Jesus calls out, “Friends, haven’t you any fish?” As the disciples look to the shore where this voice came from. They can see a figure but cannot make the person out. “No,” they yell back. Then the figure speaks again. “Throw your net on the right side of the boat and you will find some.”            

I don’t know how this advice when over. Who was this person? What did this person know about fishing? However, one thing I know about fishermen is when someone tells you where the fish are biting, you pay attention. Fishing takes skill, but it also involves a certain amount of luck. The fact that they had caught no fish means they were likely to be open to this type of advice. In fact, they had listened to a man before, Jesus himself, who had given them some fishing advice and they caught the most fish they had ever caught in their lives.

So, the disciples take the advice and throw their nets over to the other side of the boat.  “When they did, they were unable to haul the net in because of the large number of fish.” It was if a light off. They now knew the figure onshore was Jesus. Peter could not wait. Peter jumped into the water and headed for Jesus.

When they get to shore, Jesus has prepared breakfast for them. Why did Jesus do this? This is who Jesus is. This is what Jesus does. This is what Jesus will always do, serve.

“For even the Son of Man did not come to be served, but to serve, and to give his life as a ransom for many.” (Mk. 10:45 NIV)

Jesus was always looking out for others. Jesus did not come to condemn the world as the Scripture states, “For God did not send his Son into the world to condemn the world, but to save the world through him.” (Jn. 3:17 NIV)

In Jesus’s behavior, we find an example for ourselves as well. Over and over Jesus emphasized the way to God is the way of a servant. The way to love is the way of a servant. Service to others is at once a means and an end of spiritual growth.

If you want to get closer to God, if you want to understand Jesus better, if you want more than just religion then serve others. Jesus himself stated. These were his words, “Then the King will say to those on his right, ‘Come, you who are blessed by my Father; take your inheritance, the kingdom prepared for you since the creation of the world. For I was hungry and you gave me something to eat, I was thirsty and you gave me something to drink, I was a stranger and you invited me in, I needed clothes and you clothed me, I was sick and you looked after me, I was in prison and you came to visit me.’ “Then the righteous will answer him, ‘Lord, when did we see you hungry and feed you, or thirsty and give you something to drink? When did we see you a stranger and invite you in, or needing clothes and clothe you?  When did we see you sick or in prison and go to visit you?’ “The King will reply, ‘Truly I tell you, whatever you did for one of the least of these brothers and sisters of mine, you did for me.’” (Matt. 25:34-40 NIV)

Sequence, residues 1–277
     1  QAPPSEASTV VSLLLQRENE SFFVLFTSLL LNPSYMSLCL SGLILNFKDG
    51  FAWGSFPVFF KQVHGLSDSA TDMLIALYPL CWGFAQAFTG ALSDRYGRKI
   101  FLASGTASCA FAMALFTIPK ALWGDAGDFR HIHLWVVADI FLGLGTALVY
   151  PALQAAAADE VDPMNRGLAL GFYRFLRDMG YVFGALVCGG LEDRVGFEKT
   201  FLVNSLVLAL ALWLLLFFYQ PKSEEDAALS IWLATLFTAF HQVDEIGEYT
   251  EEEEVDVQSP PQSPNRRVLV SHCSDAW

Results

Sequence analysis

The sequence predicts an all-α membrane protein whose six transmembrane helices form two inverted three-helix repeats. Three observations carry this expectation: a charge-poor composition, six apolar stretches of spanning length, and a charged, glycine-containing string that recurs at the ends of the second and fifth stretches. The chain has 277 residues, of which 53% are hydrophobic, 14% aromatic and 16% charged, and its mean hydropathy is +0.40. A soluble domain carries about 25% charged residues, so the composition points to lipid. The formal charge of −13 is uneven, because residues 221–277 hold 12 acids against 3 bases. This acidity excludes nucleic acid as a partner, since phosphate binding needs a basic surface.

There are so many things we can do to continue the work of our Lord. There are so many people, needs, and opportunities for us to make a difference in the name of our Lord.

The story does not end there. Jesus then speaks to Simon Peter alone. Jesus asks him the question, “Simon son of John, do you love me more than these?” Who are the “these”? Is it the other disciples? Is it the fishing? We are not told. I do not think it is that important to know either. What is important is understanding the relationship between Jesus and Peter. Jesus is confronting Peter. Jesus is making Peter think. Three times Jesus asks Peter about his love.

Love, filial love, the love Jesus asks of Peter can be expressed through concern for another’s physical (spiritual)  and emotional well-being and the actions stemming from such concern can amount to a major force in one’s own spiritual growth. (Jesus is helping Peter to grow) But love for others involves care for their hearts and souls as well as for their bodies and minds. One very important manifestation of love, then, is the nurturance of the spiritual growth of our sisters and brothers. ”[1]